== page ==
The British national flag is lowered down outside the European Parliament in Brussels, Belgium, on Jan. 31, 2020. (Xinhua/Zheng Huansong)
LONDON, Feb. 10 (Xinhua) -- Britain has launched a consultation of new innovative freeports in a move to boost trade, jobs and investment following the country's departure from the European Union (EU), the government announced Monday.
According to an official statement, up to 10 new innovative freeports will be opened across Britain, with the location of the new zones expected to be released at the end of this year so they can start business in 2021.
Freeports will benefit the local area as the government aims to "level up the country and seize on the opportunities leaving the EU has presented," said the statement.
Freeports will provide opportunities for "cutting edge" customs, transport and green technologies to be trialled in "controlled environments", before being adopted more widely in relevant sectors of the economy, it said.
In the proposals, no duty will be charged on the goods when being re-exported. Goods into a freeport will not pay tariffs until they leave and enter the domestic market.
Meanwhile, the government is considering new tax measures with an aim to enhance investment, stimulate innovation and cut costs.
The Port of Dover on the first day after Brexit in Dover, Britain. (Photo by Ray Tang/Xinhua)
Secretary of State for International Trade Liz Truss said: "We are taking back control of our trade policy, and opening every corner of the UK to opportunities across the world."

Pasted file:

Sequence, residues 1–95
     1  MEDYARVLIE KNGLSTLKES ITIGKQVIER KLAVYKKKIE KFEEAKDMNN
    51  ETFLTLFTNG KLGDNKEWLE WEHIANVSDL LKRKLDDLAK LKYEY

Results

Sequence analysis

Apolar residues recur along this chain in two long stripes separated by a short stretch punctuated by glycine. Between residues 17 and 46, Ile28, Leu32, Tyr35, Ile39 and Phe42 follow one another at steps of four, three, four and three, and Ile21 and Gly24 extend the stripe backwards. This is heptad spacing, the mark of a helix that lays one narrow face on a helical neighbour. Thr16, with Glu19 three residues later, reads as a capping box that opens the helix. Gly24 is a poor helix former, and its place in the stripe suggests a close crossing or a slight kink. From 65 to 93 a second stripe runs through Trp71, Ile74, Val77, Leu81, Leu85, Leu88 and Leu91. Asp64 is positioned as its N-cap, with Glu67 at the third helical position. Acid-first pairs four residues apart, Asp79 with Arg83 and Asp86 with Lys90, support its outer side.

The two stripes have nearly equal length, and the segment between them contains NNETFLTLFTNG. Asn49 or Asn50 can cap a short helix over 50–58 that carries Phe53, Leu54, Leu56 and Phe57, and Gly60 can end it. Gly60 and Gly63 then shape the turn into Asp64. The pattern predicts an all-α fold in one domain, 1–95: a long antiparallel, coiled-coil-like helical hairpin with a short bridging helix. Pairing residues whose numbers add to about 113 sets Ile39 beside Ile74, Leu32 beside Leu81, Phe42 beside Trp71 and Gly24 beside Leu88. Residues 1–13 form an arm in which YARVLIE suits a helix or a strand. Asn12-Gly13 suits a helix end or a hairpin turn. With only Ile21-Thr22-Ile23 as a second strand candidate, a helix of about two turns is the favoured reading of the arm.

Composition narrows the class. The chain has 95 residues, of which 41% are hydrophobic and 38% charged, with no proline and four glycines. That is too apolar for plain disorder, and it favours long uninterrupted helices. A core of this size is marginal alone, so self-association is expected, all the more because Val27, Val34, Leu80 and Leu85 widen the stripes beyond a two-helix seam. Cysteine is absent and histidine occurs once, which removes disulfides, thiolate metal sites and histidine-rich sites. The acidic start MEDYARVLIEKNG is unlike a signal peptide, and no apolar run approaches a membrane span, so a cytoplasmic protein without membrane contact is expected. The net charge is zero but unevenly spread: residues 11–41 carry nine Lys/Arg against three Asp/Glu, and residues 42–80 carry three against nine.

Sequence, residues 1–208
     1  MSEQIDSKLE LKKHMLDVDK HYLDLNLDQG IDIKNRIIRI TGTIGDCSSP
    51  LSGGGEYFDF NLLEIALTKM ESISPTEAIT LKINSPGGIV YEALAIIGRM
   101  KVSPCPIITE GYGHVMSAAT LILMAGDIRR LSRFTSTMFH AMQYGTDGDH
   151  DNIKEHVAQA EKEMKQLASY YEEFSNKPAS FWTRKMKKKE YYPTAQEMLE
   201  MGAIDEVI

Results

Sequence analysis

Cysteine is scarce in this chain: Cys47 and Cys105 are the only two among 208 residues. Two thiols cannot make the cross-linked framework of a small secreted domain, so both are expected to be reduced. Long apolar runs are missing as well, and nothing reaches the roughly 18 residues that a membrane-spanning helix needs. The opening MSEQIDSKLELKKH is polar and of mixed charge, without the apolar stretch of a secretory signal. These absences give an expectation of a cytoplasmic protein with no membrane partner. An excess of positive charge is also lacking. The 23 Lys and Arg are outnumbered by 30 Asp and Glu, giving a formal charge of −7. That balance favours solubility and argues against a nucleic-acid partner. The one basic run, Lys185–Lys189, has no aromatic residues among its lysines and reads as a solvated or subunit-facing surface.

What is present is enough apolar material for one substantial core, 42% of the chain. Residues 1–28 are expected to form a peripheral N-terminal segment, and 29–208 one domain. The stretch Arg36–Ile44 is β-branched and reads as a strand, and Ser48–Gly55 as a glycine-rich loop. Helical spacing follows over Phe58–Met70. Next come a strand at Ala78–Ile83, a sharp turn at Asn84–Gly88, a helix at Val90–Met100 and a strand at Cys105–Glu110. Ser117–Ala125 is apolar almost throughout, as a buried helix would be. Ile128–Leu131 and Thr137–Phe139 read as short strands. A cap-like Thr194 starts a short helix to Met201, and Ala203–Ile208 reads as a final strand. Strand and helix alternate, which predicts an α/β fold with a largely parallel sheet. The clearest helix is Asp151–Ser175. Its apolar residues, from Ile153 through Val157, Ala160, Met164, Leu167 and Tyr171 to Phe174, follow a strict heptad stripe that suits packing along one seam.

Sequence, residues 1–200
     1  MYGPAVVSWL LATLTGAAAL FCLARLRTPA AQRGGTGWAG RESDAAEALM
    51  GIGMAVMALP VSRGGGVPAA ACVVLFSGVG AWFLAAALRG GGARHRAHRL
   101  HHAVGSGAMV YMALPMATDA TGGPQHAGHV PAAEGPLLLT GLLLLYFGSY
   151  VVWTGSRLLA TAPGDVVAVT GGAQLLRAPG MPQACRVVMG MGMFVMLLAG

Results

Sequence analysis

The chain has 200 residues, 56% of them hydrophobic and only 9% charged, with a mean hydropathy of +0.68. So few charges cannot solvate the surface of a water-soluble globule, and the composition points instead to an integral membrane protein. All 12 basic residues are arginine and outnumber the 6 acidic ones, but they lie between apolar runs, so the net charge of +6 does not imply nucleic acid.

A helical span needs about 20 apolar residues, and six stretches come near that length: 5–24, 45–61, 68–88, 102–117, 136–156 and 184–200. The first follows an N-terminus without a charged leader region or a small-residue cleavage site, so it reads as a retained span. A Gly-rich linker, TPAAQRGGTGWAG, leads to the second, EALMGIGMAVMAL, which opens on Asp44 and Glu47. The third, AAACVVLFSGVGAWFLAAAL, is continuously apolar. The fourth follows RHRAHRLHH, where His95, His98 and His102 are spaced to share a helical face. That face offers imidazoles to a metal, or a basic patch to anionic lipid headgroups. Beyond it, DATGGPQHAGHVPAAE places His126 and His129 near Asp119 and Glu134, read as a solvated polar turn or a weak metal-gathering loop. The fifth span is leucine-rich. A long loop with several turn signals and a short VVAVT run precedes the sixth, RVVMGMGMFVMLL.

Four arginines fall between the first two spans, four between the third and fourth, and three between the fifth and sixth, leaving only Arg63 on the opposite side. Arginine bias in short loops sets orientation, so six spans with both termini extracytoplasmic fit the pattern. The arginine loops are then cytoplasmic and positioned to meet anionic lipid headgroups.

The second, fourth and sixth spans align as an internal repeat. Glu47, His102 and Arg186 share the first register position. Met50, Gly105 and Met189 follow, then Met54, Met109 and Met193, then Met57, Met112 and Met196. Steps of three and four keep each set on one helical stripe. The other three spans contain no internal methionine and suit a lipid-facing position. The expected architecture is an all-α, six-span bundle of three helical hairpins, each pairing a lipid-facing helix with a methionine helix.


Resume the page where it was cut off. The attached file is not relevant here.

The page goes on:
Freeports will "unleash the potential of our historic ports, creating jobs and regenerating communities across the UK," Truss said.
Chief Secretary to the Treasury Rishi Sunak said the plan is part of Britain's mission as "an open, outward-looking country, championing global free trade with vibrant freeports that work for all of the UK."
After a 10-week consultation, the government will invite "sea, air and rail ports" to bid for the freeport zones on a competitive basis, according to the statement.
The freeport idea was first raised by Prime Minister Boris Johnson during his campaign to become Conservative leader, according to the English newspaper The Guardian. In Johnson's vision for Britain's post-Brexit trade relations, the country will be unshackled after 47 years tied to the EU.
However, Michel Barnier, the EU's chief Brexit negotiator, has emphasized that for the EU to offer a "highly ambitious trade deal" with Britain, Britain needs to agree to "specific and effective guarantees to ensure a level playing field" to ensure competition "is and remains open and fair." ■